The pantomime dames fighting to save theatre

The pantomime dames fighting to save theatre
Make or break — Tens of thousands of theatre performers and workers have been left without support during the pandemic, despite government claims to the contrary. Last week, hundreds of them, led by a fleet of dames, took their fight to the streets.

The first thing you could hear was the music, drifting above the heavy din of traffic on Whitehall. Next, the flags came into view, making their way down the thoroughfare, fluttering in the early autumn breeze. As the protest came into view, restricted to the pavements by the police, half a dozen brightly coloured, amorphous blobs soon became recognisable as pantomime dames, leading a procession of around 120 people down the street. 

Last week, performers from across the country gathered in central London, marching from Cambridge Circus – on the edge of the city’s west end district – down into Westminster, to protest the lack of government support for creative workers. These workers say have been excluded from the government’s self-employed support scheme, put in place in response to the pandemic. The demonstration, organised by Excluded UK, Bectu and Equity unions, saw the crowd arrive at Richmond Terrace, just opposite Downing Street, to huge fanfare.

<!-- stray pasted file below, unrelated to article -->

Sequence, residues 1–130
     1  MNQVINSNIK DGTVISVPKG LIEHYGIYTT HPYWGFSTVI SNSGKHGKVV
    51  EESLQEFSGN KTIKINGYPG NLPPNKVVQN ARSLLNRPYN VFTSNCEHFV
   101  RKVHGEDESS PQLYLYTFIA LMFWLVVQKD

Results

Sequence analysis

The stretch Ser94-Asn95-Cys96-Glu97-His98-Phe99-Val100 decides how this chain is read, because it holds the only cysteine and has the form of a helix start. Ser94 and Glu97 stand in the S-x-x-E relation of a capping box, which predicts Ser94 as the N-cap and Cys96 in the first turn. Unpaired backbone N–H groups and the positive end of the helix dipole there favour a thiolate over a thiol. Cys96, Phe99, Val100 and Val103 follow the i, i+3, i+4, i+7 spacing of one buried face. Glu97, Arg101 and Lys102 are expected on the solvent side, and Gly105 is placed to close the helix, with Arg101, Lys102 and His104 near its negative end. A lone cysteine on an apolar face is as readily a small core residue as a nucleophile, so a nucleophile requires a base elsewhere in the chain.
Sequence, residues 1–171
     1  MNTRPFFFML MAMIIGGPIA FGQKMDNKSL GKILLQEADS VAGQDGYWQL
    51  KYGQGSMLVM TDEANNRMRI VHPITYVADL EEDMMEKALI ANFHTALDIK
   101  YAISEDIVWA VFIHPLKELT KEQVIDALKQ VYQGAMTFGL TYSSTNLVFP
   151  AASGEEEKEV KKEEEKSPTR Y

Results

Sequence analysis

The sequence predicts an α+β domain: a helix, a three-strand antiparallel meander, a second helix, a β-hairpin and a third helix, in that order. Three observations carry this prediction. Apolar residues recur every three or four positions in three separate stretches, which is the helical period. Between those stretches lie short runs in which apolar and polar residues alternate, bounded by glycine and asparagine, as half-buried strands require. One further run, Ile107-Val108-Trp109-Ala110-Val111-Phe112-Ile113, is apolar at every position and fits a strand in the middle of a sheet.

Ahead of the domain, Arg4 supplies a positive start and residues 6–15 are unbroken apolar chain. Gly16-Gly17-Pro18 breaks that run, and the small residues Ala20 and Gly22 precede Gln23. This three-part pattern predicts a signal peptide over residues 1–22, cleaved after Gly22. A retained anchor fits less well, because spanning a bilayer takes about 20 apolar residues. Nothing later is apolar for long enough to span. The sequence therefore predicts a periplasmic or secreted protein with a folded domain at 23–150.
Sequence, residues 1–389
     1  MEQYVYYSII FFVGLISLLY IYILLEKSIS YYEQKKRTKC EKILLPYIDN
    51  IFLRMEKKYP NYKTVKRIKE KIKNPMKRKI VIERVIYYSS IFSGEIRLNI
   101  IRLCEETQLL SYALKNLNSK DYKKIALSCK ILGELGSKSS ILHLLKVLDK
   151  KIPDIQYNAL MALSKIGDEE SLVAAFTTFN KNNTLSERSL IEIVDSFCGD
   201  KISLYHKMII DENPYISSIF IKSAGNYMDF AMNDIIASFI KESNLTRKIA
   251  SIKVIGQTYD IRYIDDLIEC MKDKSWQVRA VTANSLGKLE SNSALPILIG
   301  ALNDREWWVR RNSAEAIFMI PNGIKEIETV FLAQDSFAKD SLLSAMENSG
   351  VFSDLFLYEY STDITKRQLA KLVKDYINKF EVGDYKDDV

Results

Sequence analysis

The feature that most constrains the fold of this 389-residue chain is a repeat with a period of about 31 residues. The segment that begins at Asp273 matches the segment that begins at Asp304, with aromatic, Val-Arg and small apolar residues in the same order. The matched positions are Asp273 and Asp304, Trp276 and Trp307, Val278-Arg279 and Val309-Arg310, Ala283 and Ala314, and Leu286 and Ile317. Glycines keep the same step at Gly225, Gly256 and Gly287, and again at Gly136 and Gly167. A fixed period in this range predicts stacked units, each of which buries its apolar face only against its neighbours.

After being addressed by speakers, including Tracy Brabin – the ex-actor turned Labour MP for Batley and Spen – the crowd marched on Parliament, coalescing around the Churchill statue and on the grass in Parliament Square, watched over by a wall of cameras and reporters. The march, led by dames, included theatre workers and performers who had seen their livelihoods ripped from under them with the closure of theatres due to the pandemic – a closure that only looks set to continue.